Wilfred Owens Dulce et Decorum Est

High school
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Dulce et Decorum est" is a blunt declaration against war. The poet describes war from the soldier's perspective: "we cursed through sludge". He was enlisted and went to war, where was killed. In these 28 verses rhymed in iambic pentameter, the author vividly creates the dramatic atmosphere of the war, only to question the reader in the final lines.


Yet, they kept going, no matter what. Throughout the entire poem, Owen uses the five senses to transmit vividly what it was like to be at war. "haunting flares", "all went lame, all blind", "deaf even to the hoots", etc. He also uses alliteration to reinforce the sounds of this atmosphere. For example, note the repeated sound of t in: "and towards our distant rest began to trudge". This gives a sense of the unstopping marching of the soldiers. Or in "As under a green sea, I saw", where he creates the hiss of poisonous gas.
In the second stanza, a particular character is presented. "But someone still was yelling out and stumbling". Describing a particular person in this awful scene, allows the reader to relate more to the soldier's reality. The utterly violent way in which the gas is killing the soldier shows the vulnerability of humans versus warfare. "and flound'ring like a man in fire or limeas under a green sea, I saw him drowning". By using this strong image, the gas choking the man is presented as a man drowning in the sea, conveying a very dramatic and powerful image.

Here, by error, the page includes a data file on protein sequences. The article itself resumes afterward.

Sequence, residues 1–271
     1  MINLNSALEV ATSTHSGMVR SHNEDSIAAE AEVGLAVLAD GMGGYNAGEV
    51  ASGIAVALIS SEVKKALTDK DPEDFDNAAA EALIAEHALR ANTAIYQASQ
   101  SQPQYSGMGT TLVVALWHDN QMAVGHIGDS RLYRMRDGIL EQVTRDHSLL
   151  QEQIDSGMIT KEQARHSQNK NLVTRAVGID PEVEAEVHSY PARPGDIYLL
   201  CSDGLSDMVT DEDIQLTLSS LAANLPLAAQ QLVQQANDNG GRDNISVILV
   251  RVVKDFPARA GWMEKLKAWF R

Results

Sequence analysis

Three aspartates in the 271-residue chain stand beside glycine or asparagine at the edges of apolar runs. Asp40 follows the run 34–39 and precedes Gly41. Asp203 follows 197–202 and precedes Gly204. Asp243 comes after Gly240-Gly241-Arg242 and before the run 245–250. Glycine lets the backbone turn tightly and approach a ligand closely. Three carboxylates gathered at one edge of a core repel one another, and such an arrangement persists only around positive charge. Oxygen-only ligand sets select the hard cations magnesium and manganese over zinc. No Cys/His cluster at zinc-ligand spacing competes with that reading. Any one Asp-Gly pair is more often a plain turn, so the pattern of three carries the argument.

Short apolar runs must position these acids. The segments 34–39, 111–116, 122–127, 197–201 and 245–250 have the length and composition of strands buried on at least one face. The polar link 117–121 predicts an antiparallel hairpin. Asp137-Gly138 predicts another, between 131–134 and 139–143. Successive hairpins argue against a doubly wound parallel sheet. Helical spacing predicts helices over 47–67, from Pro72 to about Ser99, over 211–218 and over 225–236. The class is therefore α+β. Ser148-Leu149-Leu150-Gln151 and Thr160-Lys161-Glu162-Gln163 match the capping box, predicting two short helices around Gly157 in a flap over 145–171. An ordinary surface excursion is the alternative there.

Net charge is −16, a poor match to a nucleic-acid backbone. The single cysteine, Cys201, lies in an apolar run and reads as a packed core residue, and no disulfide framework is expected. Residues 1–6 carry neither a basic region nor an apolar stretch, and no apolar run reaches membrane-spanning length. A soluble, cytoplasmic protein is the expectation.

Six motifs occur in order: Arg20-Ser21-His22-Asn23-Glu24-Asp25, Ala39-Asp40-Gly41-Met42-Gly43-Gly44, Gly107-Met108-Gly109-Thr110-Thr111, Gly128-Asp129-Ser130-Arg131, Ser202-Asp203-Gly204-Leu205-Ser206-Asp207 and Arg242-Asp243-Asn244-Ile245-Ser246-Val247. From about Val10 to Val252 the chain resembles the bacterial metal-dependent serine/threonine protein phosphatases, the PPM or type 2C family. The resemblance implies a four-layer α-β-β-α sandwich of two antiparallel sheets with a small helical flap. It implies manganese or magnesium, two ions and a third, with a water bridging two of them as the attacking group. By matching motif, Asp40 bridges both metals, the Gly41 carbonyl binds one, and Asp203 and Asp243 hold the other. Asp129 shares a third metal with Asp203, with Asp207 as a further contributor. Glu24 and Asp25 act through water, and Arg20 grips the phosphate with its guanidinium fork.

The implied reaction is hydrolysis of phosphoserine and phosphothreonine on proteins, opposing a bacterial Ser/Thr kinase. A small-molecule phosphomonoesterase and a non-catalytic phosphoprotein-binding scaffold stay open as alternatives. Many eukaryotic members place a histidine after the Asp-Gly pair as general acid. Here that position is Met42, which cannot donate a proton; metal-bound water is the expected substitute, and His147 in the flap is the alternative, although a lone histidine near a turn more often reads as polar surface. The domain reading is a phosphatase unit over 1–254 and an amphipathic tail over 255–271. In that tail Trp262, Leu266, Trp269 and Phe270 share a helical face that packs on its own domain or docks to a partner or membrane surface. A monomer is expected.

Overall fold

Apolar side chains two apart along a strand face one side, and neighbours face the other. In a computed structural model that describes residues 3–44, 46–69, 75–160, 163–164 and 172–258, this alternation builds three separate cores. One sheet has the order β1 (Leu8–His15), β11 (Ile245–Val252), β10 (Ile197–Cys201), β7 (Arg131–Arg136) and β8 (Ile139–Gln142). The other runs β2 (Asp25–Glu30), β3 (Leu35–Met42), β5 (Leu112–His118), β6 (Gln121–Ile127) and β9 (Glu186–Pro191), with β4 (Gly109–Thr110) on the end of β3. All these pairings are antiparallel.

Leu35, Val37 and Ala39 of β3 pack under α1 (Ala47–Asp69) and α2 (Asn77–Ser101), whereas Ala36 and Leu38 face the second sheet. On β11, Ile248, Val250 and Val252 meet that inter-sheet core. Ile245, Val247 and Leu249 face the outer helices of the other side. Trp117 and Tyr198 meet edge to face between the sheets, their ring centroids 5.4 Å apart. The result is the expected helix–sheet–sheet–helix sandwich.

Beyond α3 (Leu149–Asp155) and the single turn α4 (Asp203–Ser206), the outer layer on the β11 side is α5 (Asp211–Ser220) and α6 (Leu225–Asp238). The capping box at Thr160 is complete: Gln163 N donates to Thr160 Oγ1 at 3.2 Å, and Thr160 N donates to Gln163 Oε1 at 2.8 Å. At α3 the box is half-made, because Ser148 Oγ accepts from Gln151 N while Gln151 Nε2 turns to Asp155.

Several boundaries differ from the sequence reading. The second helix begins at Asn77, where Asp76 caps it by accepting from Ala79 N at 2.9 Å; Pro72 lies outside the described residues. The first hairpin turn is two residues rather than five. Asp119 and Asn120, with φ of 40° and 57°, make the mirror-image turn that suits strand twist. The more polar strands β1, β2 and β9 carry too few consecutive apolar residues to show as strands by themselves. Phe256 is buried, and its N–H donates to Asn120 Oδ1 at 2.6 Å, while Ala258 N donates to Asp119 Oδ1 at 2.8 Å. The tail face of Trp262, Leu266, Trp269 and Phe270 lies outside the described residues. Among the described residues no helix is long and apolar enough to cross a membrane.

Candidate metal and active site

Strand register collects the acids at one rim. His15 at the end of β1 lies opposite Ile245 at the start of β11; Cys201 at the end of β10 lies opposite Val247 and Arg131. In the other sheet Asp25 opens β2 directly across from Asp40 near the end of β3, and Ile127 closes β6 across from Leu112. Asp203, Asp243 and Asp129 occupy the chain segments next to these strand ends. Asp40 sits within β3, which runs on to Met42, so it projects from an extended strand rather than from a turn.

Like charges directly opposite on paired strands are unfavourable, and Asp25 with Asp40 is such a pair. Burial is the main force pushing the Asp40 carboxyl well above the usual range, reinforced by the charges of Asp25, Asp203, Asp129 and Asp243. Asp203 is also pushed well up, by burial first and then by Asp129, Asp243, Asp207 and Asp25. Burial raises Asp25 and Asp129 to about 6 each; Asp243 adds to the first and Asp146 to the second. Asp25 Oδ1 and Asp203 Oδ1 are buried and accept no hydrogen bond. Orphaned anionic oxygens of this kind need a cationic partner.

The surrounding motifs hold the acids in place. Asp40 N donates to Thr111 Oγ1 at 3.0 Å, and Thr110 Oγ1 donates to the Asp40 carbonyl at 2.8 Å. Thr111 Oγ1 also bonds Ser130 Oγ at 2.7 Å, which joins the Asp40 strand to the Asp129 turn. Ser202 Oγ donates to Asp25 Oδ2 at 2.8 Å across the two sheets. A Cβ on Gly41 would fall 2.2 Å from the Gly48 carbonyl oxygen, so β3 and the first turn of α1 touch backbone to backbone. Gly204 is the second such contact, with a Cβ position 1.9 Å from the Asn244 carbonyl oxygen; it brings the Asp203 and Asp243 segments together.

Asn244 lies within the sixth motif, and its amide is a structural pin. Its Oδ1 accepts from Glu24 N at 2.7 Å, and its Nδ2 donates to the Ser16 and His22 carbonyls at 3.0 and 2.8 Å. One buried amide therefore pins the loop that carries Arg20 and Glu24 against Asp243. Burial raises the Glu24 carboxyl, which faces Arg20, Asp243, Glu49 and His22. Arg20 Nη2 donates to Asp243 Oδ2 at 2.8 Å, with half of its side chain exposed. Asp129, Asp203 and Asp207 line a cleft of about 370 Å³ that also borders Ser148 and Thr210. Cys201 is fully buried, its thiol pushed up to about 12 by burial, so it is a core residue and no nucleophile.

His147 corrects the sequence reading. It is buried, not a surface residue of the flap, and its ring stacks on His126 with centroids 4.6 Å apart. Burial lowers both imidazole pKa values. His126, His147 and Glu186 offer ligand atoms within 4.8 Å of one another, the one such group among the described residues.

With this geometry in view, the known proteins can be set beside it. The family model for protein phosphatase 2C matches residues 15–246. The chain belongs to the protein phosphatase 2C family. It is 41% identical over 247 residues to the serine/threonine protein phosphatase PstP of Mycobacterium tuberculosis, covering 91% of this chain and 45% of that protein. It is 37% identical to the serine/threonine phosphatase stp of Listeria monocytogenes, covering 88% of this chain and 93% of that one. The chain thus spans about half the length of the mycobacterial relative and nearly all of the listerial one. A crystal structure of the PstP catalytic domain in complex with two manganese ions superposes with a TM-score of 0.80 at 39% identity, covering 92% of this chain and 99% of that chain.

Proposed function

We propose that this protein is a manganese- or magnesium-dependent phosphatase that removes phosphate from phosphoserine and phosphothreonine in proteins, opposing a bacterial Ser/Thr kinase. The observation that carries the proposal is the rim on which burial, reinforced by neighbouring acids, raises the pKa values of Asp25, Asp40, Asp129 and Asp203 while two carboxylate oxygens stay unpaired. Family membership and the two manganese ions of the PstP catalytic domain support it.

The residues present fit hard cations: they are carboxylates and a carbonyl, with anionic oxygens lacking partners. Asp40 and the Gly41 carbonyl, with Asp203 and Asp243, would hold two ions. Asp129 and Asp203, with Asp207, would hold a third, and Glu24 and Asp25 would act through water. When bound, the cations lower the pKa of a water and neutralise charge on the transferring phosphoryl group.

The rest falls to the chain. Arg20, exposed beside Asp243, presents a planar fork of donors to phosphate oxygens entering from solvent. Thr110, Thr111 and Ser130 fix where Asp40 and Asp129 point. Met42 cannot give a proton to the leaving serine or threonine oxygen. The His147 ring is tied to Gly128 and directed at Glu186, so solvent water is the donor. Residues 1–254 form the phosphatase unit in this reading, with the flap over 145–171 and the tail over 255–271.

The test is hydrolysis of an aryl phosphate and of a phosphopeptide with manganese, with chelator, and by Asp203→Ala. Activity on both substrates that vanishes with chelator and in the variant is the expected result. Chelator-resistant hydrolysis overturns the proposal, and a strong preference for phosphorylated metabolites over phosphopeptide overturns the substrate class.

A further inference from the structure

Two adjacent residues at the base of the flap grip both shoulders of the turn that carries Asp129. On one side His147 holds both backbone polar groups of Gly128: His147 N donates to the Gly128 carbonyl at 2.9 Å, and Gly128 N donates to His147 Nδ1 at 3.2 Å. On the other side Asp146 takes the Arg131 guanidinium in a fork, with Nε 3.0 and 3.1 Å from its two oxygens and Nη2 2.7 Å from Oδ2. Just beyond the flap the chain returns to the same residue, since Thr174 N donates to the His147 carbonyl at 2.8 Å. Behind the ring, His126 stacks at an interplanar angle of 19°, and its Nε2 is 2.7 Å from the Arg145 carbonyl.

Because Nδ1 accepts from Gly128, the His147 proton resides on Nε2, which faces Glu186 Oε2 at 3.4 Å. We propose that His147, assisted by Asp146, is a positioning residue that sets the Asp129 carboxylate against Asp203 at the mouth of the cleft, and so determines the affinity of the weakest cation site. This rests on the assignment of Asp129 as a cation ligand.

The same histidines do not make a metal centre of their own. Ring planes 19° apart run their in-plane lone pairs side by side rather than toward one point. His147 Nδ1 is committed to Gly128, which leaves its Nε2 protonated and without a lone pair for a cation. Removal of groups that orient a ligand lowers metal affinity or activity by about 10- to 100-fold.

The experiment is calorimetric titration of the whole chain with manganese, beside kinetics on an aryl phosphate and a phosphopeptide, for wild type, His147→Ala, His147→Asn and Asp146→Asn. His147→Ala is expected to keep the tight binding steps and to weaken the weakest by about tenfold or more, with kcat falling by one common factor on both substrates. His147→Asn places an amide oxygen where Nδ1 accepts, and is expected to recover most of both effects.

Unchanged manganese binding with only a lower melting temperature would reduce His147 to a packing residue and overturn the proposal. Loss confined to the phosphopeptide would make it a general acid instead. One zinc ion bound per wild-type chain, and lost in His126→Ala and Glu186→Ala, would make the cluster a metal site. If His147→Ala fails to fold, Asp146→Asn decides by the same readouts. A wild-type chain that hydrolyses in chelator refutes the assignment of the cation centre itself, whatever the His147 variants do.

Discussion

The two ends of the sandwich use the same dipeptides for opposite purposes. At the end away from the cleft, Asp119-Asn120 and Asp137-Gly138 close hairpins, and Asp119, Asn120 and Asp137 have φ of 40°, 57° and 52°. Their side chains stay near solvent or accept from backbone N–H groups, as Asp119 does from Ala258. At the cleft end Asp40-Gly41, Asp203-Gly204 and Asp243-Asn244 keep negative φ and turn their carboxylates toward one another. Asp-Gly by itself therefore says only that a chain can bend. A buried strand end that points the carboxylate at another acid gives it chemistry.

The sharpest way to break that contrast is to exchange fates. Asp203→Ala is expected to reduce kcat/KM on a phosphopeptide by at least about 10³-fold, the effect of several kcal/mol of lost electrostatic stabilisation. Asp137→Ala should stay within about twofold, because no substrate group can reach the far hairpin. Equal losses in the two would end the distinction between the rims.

Then, there is a short stanza of two verses, which stands out from the rest of the poem. ...
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